I went to see a matinee of the Theory of Everything (a plus to being laid off is having afternoons free to see an inexpensive matinee. I'm planning on hitting the Sundance cinemas on Tuesday to take advantage of their $5 Tuesdays, too. It's a good movie time).
Anyhow, the movie is a biopic of Stephen Hawking based on a 2007 book by his ex-wife. It's an interesting biopic. As a movie, it's a little diffuse, and there are some plot points that in any other movie would derail the proceedings. It is anchored with strong performances by Eddie Redmayne and Felicity Jones, who manage to keep you entertained and involved enough to not ask some of the more difficult questions that seem to be skirted over. It's worth seeing, but not earth shattering, which is a shame, as his story is.
Hawking was diagnosed with what the film terms "motor neuron disease" and also as ALS. Though Hawking was initially told he had two years to live in 1963, he is still with us, and still writing. It's a triumphant story. The movie deals with the challenge of his care, and the toll it took on his wife and family. It touches on his theory of everything - his search for an elegant mathematical theorem that would explain the universe. Strangely, though, it felt somewhat soft pedaled to me. Perhaps because my father was diagnosed with a neurological disease when I was 5, and died of it when I was 32.
I had a difficult relationship with my father, to say the least. My theory of everything would include anger, resentment, and a lot of rage. It would include violence and the threat of violence. We hear so many stories about people handling their decline with grace. It's important. Those stories are uplifting. This story is uplifting. Perhaps it's the stiff upper lip of it all, but I was wondering if perhaps there was a little more to the story, more frayed edges from a woman who took care of her husband as he diminished physically while also raising their three children. My mother doesn't remember a year of her life. Unlike Hawking and his wife, their divorce was acrimonious and awful, played out on the children as well. It echoes. It becomes less with time, but then something like this movie will bring the sense of that time back.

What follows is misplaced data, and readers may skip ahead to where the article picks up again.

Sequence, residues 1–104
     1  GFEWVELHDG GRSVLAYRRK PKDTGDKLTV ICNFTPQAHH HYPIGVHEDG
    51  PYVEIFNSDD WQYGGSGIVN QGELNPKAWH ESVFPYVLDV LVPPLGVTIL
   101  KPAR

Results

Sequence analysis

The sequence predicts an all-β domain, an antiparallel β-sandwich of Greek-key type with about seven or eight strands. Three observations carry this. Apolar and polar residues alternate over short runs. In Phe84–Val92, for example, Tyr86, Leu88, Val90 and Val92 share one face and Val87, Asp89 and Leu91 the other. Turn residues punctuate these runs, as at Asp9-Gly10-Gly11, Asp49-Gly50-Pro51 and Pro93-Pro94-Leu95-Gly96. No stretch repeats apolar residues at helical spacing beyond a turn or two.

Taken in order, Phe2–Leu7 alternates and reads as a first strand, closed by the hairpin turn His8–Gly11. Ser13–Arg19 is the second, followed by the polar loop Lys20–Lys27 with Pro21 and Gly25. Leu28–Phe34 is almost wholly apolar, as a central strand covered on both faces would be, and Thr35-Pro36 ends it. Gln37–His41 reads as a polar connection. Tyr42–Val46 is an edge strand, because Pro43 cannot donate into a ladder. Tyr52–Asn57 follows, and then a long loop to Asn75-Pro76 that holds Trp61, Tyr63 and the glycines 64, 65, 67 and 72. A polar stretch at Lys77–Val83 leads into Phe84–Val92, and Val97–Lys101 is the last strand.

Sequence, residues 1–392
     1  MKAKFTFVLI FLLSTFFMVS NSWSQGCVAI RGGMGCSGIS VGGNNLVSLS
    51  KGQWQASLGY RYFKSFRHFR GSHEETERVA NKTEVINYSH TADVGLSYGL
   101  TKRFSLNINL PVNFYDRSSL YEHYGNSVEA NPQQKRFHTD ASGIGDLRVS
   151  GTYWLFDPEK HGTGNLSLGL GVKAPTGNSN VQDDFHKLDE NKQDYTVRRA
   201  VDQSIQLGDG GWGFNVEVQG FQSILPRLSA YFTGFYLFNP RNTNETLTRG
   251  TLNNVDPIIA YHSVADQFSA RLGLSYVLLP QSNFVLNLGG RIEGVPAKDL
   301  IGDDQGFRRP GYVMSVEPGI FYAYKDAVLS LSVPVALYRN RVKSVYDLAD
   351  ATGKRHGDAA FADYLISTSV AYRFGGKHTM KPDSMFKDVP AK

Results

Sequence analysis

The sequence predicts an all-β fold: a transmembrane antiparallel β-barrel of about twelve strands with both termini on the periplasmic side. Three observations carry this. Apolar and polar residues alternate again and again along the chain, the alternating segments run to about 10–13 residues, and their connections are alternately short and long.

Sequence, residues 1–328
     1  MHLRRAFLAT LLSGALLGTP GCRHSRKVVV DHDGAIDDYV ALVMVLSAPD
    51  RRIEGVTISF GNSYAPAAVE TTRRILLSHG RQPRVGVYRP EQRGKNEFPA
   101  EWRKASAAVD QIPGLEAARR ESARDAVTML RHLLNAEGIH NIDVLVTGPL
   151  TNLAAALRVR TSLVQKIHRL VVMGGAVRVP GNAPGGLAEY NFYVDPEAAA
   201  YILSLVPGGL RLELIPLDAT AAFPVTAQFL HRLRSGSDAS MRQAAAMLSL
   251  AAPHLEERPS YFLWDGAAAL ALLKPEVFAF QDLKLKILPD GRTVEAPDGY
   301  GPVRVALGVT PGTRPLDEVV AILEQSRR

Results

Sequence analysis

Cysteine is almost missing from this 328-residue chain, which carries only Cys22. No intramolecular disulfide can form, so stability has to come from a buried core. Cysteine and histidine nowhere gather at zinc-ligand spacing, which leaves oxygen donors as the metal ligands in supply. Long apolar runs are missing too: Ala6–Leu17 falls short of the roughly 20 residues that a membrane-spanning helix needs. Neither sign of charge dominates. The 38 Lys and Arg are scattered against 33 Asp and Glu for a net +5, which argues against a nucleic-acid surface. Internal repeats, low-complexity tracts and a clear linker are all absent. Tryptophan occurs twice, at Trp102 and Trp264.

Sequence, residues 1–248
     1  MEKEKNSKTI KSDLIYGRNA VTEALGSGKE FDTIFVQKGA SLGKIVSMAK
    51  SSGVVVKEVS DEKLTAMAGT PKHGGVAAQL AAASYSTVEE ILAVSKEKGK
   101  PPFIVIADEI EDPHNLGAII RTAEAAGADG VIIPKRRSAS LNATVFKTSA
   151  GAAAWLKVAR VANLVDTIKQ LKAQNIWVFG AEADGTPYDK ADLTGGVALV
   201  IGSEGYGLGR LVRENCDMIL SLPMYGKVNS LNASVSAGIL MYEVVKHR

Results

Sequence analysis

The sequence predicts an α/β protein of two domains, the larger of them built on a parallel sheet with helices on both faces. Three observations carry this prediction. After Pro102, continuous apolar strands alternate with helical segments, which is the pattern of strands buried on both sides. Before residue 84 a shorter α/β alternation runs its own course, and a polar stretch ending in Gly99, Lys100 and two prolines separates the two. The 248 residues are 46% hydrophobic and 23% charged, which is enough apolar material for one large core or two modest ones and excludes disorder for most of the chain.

The movie got the physicality right. Redmayne is transformed - the feet, the curl of the hand; the walking with canes and then the wheelchair and then the motorized wheelchair. My father had heavy wingtips that he would drag along, eventually pulling up to put in the foot rests of his chair once he no longer used the aluminum braces with the gray plastic arm cuffs. My theory of everything would include some point of view of the children, though they seem to have a good relationship with both their parents. I imagine that some people with an illness like this actually grow closer to their families from mutual struggle. That wasn't our story. My theory of everything would include an equation that factors in the possibility of fracture, of loss of purpose rather than drive. And of how to learn that it doesn't need to dictate the future as well.
Hawking moves from a theory that has a need for god and an origin to one that doesn't. His work as explained in the film centers on time and black holes, and how a magnetic pull from this dead star can be so dense that it consumes itself and everything around it. In the denseness, he said, you can measure the radiation from the origin of the universe.